The internet is no doubt a great place for having a row. At any given hour of the day or night you can click online and find some scandal or other brewing.
This week scandal has particularly ripe. First of all proud parents from across the UK got their knickers into a knot when some scurrilous individual reported that a bonny baby competition being run by a highly respected clothing chain was in fact just a cover for a paedophile ring.
Second of all it was revealed that the editor of a US beauty magazine branded her cover star, LeAnn Rimes a ‘husband-stealer’ in an email to readers, prompting anyone and almost everyone to voice their opinion on how the country singer conducts her love life.
And most recently, a US journalist has prompted a massive backlash after hitting out at a new comedy show focusing on - shock, horror- overweight people.
I’ve watched one episode of ‘Mike and Molly’, which tells the story of two overweight people who meet at an Overeater’s Anonymous meeting and fall in love. It’s on one of the Sky channels I pay for but don’t have time to watch very often.It was an okay show. I didn’t find it particularly funny - certainly not as funny as Friends or Will & Grace or any of my previous favourites.
I didn’t find it offensive though. Maura Kelly, however, did. In her MarieClaire column she said: “I think I'd be grossed out if I had to watch two characters with rolls and rolls of fat kissing each other ... because I'd be grossed out if I had to watch them doing anything.
“To be brutally honest, even in real life, I find it aesthetically displeasing to watch a very, very fat person simply walk across a room — just like I'd find it distressing if I saw a very drunk person stumbling across a bar or a heroin addict slumping in a chair.”
Fat is, of course, an emotional issue but sadly it is the case that increasingly these days fat people are considered fair game for people looking to throw cheap shots. (Maybe it’s because we can’t run as fast?).
It’s no longer acceptable to admit to being racist, sexist or ageist but throw a quick “Who ate all the pies?” shout out at a passing fatty and you are likely to get people agreeing with you rather than making you feel bad about being an insensitive feckwit.
It is acceptable for those who have never had a weight problem to sit on their bony rear ends and pass judgement on those who struggle to control their girth. “Eat less, move more. It’s not exactly rocket science,” they cheep. “Fat people are just lazy thickos” they mutter.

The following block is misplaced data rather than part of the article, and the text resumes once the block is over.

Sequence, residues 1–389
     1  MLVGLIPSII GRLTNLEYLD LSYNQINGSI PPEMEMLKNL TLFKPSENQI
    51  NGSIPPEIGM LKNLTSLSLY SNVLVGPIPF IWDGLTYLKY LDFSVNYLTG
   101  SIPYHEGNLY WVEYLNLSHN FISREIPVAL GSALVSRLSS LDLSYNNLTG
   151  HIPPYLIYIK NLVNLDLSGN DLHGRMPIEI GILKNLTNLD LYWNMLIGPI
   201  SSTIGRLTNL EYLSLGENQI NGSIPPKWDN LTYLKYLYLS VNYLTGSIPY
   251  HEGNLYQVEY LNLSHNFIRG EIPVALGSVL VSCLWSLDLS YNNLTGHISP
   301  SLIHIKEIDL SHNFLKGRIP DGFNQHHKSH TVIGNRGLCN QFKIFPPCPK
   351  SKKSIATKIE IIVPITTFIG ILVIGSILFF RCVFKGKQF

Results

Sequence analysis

In their mind anyone above a size 10 (because, according to the Daily Mail, size 12 is pudgy these days) obviously spend their days lying on the sofa stuffing turnovers down their necks and drinking full fat coke in their tea instead of milk.
I would bet, based on personal experience, that the rruth is is that most overweight people know they need to change. Many want to change. Some will - and the right support will help them do that. Some won’t. Most will be aware that these days being overweight is the modern day equivalent of walking about with a bell around your neck shouting “unclean, unclean”. You can’t hide from it - it is there with you morning, noon and night.
The best way to help an overweight person find the inner determination to make healthy changes is to build their confidence and shower them with encouragement. It is not to make us feel like useless lumps.
It is quite clear that Ms Kelly thought that she was either being funny - by pointing her fingers at the fatties on the telly and laughing - or trying to be helpful. “I'm happy to give you some nutrition and fitness suggestions if you need them,” she twittered, before later admitting she has a history of anorexia. Now call me cynical, but I’d rather not take my health advice from someone who has an unhealthy relationship with food and what she in her own words describes as a “lifelong obsession with being thin”.
It is clear that she missed the mark. Instead of getting the expected “Hear, hear! Slim down you fatties” responses to her article she has found herself at the centre of a storm.
She has been accused of bullying fat people. Hundreds have called for her dismissal - threatening to cancel their MarieClaire subscriptions if she is not booted out the door quicker than either Mike or Molly could ask for a side order of chips with their burgers.
A little part of me feels sorry for her, but a bigger part (no pun intended) feels that, in the simplest of terms, she needs to take her oil.
It’s time that people learned that it is wrong to pass judgement on someone just because of their physical appearance - be that their colour, their age, their gender or their size.
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